London — Oil prices fell on Friday fueled by concerns about rising supplies next year, although losses were checked by signs of progress towards ending the US-Chinese trade row.

White House economic adviser Larry Kudlow said on Thursday that a deal is “getting close”, citing what he described as very constructive discussions with Beijing.

Benchmark Brent crude was down 43c at $61.85 a barrel by 11.01am GMT, while West Texas Intermediate (WTI) crude slipped 22c to $56.55 a barrel.

The International Energy Agency (IEA) weighed on prices, by saying oil cartel Opec and its allies (Opec+), face “a major challenge in 2020 as demand for their crude is expected to fall sharply”.

Opec secretary-general Mohammad Barkindo had painted a more upbeat picture this week, saying growth in rival US production would slow in 2020, although a report by the group had also said demand for Opec oil was expected to dip.

Opec+ has cut supply to prop up prices and is expected to discuss output policy at a meeting on December 5-6 in Vienna. The existing production deal runs until March 2020.

“Will they maintain cuts or go deeper? If Opec doesn’t budge, we’ll see a significant stock build in the first half,” said Harry Tchilinguirian, global head of markets strategy at BNP Paribas.

He said it is still not clear how long it will take for any deal to end the US-China trade row, which has weighed on the global economy and undermined demand for fuel. “Essentially we’ve had a range-bound market for the last nine sessions due to the lack of clarity on these two key issues,” Tchilinguirian said.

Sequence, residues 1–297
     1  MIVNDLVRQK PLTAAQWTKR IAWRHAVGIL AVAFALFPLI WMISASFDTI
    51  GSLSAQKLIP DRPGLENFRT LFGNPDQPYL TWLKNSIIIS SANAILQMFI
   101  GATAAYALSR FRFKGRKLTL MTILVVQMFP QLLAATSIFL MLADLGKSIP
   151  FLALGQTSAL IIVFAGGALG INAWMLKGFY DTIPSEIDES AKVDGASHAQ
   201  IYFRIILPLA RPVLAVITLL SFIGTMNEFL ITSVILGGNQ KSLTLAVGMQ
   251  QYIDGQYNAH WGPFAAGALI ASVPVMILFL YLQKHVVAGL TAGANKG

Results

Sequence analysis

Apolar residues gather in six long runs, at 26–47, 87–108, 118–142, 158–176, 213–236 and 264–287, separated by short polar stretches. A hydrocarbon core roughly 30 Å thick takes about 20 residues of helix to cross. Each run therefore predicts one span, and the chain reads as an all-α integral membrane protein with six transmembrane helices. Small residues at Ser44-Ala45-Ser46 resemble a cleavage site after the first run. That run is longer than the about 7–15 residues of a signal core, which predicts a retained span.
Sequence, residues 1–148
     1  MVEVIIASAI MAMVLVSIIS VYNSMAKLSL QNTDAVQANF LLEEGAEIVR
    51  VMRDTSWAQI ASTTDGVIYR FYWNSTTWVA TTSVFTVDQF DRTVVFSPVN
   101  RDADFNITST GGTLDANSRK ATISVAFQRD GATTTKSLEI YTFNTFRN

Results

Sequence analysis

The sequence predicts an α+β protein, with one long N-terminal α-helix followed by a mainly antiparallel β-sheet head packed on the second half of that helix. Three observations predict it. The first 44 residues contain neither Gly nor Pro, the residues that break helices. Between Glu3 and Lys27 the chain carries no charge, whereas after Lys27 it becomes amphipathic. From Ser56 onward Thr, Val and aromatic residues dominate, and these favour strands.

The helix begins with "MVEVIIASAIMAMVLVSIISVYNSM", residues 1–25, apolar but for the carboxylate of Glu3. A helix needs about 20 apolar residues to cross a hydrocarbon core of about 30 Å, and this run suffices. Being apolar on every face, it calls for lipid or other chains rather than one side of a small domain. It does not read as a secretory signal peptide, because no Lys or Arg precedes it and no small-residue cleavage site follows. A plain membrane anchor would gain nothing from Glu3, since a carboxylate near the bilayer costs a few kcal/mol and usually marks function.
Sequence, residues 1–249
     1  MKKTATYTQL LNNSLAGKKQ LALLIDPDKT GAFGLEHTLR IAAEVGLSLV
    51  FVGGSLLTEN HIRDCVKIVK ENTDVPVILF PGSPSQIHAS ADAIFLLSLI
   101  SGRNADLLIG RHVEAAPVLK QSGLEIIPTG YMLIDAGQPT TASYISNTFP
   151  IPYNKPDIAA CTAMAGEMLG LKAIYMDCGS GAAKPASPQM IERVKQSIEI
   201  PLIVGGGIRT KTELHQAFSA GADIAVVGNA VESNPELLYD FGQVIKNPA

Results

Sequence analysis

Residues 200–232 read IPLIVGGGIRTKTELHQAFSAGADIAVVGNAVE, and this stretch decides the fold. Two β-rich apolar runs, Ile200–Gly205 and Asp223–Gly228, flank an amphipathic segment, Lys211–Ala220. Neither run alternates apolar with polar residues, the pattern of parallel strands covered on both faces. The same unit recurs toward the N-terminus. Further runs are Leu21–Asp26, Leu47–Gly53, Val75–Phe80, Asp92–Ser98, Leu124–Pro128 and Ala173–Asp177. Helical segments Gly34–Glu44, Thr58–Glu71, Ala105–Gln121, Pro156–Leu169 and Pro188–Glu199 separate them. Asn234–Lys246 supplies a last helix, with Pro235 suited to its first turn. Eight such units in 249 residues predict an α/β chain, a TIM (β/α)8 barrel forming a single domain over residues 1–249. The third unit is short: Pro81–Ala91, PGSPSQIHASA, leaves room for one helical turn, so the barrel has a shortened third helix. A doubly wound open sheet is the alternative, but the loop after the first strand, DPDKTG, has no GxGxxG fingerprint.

Opec said demand for its crude would average 29.58-million barrels per day (bpd) in 2020, 1.12-million bpd less than in 2019, pointing to a 2020 surplus of about 70,000 bpd.

US production has continued climbing, reaching a weekly record of 12.8-million bpd last week, while US oil inventories rose faster than expected last week.

However, rising US output and competition from production in Brazil, Norway and Guyana in 2020 has been squeezing profits for US shale producers, which plan another spending freeze in 2020 and a slowdown in production growth.


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